Dr Peter Sudefeld, Professor of Psychology at the University of British Columbia, developed the Restricted Environmental Stimulation Technique (REST). He observed that a person in a darkened room with no visual or auditory stimuli benefited from reduced blood pressure, and improved mood and creativity. So a person who wants to think ‘outside the box’ is better off thinking inside one!
Some people may love the peace and solitude, but I think I would find it claustrophobic. In order to detach and gain perspective, I prefer to go for a walk or take a break that takes me outside my usual environment. There are some more ideas in my article about innovation.
What works best for you?
US psychologist Gary Klein pioneered the field of naturalistic decision-making and developed the Recognition Primed Decision model. It’s used to train decision-making in the US Army, US Navy, and fire-fighters, as they all have to make quick life-or-death decisions and can’t delay to analyse all the data.
It shows how experienced people can identify patterns in a situation. Rather than compare options, they imagine how the situation would play out, and make the decision based on whether it feels comfortable to them. (This model pre-supposes that people are experienced. Inexperienced people will be less effective and still need to look at the data and canvas opinion to avoid a trial-and-error effect.)
In chess, experts make faster and better decisions than novices because they recognise and understand the meaning of the patterns.
The hypothesis is that the first option is usually satisfactory, so they use the first workable decision rather than spend a lot of time analysing the best possible option.
How to use this method:
- Review your situation and identify the patterns
- Use these patterns to make an initial decision/judgment
- Simulate the decision playing out in your mind
- If it feels right, do it
- If it doesn’t feel right, then re-review the patterns and come up with your next decision/judgment
- Repeat steps 3 and 4, and keep doing this until you simulate the decision playing out that, in your judgment, is the first workable solution (note the word workable, rather than best)
In an organisational context, constraints may mean you don’t have all the facts or complete freedom, so you may never be able to make the best decision, but you can make a good enough decision (also keeping the Pareto Principle in mind!).
I would encourage you to have trust and confidence in your experience and judgment. Continue to look at the facts, but don’t be a slave to them.
If you’re interested in this subject, you may also like to read my article on dealing with ambiguity.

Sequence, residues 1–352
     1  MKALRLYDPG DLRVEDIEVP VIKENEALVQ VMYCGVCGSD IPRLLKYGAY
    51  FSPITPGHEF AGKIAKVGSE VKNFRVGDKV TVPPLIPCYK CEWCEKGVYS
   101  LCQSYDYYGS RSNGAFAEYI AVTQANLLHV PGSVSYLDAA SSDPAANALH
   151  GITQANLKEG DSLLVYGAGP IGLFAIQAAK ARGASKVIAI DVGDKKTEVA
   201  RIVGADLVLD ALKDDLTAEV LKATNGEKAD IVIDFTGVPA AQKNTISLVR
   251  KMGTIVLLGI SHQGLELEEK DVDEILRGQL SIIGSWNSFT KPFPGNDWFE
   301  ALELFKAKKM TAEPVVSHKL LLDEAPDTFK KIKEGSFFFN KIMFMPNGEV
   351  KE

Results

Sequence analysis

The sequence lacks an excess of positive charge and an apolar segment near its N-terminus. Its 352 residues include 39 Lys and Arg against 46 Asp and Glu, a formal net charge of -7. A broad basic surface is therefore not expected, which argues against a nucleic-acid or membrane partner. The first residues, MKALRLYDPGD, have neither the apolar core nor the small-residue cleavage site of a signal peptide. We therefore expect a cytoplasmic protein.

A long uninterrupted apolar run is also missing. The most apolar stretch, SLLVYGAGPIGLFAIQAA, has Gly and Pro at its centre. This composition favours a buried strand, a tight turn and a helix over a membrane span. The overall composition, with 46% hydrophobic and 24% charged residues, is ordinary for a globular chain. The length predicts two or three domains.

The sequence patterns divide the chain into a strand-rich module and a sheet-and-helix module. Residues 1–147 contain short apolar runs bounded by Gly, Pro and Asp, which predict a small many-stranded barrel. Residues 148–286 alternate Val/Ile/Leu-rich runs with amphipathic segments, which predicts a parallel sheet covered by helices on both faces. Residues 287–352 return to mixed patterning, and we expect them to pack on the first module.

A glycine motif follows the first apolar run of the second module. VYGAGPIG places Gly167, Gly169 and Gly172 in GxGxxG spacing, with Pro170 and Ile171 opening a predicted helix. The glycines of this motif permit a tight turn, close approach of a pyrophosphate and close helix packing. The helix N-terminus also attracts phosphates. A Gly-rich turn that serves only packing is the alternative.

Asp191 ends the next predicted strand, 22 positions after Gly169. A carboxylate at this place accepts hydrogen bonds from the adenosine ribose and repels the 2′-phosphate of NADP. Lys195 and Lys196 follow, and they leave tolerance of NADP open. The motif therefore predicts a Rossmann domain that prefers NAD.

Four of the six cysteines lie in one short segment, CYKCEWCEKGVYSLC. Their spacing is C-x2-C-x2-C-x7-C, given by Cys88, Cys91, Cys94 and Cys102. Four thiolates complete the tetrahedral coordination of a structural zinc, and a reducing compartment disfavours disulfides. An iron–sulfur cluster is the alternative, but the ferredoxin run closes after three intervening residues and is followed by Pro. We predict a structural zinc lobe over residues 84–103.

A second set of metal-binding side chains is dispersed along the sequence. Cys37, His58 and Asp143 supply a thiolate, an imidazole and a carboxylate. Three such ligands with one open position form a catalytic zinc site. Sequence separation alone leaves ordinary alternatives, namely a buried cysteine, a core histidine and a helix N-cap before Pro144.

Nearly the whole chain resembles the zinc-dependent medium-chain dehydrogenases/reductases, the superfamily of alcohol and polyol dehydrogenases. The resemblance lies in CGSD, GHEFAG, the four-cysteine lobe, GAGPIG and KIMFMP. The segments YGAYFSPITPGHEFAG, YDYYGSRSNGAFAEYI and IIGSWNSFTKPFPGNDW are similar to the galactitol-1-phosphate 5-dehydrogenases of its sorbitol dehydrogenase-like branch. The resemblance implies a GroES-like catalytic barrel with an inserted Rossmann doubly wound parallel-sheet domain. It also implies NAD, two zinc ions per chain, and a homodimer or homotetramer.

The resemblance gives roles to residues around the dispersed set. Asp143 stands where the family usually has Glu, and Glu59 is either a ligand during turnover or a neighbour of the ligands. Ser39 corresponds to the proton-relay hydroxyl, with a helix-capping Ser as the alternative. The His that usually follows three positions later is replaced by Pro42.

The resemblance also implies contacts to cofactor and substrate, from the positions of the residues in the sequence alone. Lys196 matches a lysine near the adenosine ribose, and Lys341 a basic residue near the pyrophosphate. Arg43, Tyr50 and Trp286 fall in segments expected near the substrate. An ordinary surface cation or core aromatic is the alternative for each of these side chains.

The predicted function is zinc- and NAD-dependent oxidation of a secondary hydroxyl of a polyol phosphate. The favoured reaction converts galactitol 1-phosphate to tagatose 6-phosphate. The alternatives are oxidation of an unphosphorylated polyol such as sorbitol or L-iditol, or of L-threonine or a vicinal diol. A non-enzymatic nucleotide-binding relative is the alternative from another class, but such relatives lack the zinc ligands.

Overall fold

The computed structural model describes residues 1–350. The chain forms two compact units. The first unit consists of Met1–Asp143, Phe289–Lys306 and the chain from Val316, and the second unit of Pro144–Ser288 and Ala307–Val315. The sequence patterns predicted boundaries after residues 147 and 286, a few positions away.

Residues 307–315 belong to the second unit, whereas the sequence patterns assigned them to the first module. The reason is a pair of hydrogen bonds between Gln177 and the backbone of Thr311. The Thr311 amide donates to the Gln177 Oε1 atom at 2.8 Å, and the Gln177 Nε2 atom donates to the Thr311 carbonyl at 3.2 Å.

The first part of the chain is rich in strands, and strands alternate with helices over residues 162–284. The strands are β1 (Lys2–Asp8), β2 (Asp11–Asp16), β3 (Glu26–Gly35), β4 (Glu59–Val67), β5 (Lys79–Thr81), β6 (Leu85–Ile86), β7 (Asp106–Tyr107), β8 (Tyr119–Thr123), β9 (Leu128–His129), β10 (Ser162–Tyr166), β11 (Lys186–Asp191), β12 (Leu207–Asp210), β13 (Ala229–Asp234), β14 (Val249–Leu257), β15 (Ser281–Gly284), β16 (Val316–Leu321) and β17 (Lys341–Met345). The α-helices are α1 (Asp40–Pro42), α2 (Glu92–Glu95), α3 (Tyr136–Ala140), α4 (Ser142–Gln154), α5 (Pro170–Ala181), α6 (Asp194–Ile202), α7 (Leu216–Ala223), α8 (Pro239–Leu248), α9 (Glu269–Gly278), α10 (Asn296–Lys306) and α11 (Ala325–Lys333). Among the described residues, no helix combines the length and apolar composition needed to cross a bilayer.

“The intuitive mind is a sacred gift and the rational mind is a sacred servant. We have created a society that honours the servant and has forgotten the gift.”
Force field analysis
When I was studying, I learnt about the sociologist Kurt Lewin, who wrote about change management. He developed a “force field analysis” model in 1951 (not when I was studying!) which describes any current level of performance or being as a state of equilibrium between the driving forces that encourage movement and the restraining forces that discourage it.
The driving forces are usually rational, conscious and economic. The restraining forces are usually negative, emotional and sometimes unconscious.
He proposed that change is easier and more effective if the forces that discourage change are reduced rather than increasing the forces that encourage the change. It is not sufficient merely to increase the driving forces as the restraining forces will still remain and make it hard or impossible for you to implement your decision.
This model is simple but be mindful that it can take a lot of work to do:
Describe your proposed decision in the middle. List all the forces ‘for’ the decision on the left hand side, and all the forces ‘against’ on the right hand side. Score each factor and add them up to decide whether or not to move forward. Alternatively, decide how to strengthen the forces ‘for’ and weaken the forces against.
You can also use this model to list the pros and cons when change is forced upon you, such as when the company stops a project you’ve been working on, or moves a piece of work away from you.
Timeline for ‘future pacing’
Timeline is a way of making sure a decision is the right one.
Stand relevant stakeholders in a row at one end of the room and tell them it represents today, while the other end of the room represents the end of the project (or the ultimate results of your decision).
- Ask them all to take one step forward. Tell them it’s now a week into the future, and ask them to consider what they think about the project now. Chances are, they still feel OK about it
- Next, ask them all to take another step forward. This time, it’s a month into the future. Ask if they can think of any issues arising. It’s possible someone might raise a concern that could be affecting their area by then
- Then ask the group to take another two steps forward. Now it’s six months into the future. Again, ask what they see, what they hear and what they feel about the project. By future-pacing and tapping into their senses it will become apparent whether things are likely to be still on track. If not, you have the chance to do something about it now
The timescale you use will depend on what’s appropriate for your scenario, and needs careful facilitation to ensure everyone feels able to contribute, even when they’re in a minority. I can help with that.
Please share this article with anyone you know who might find it interesting, and let me know if you’d like more information.
Next month we look at mindfulness.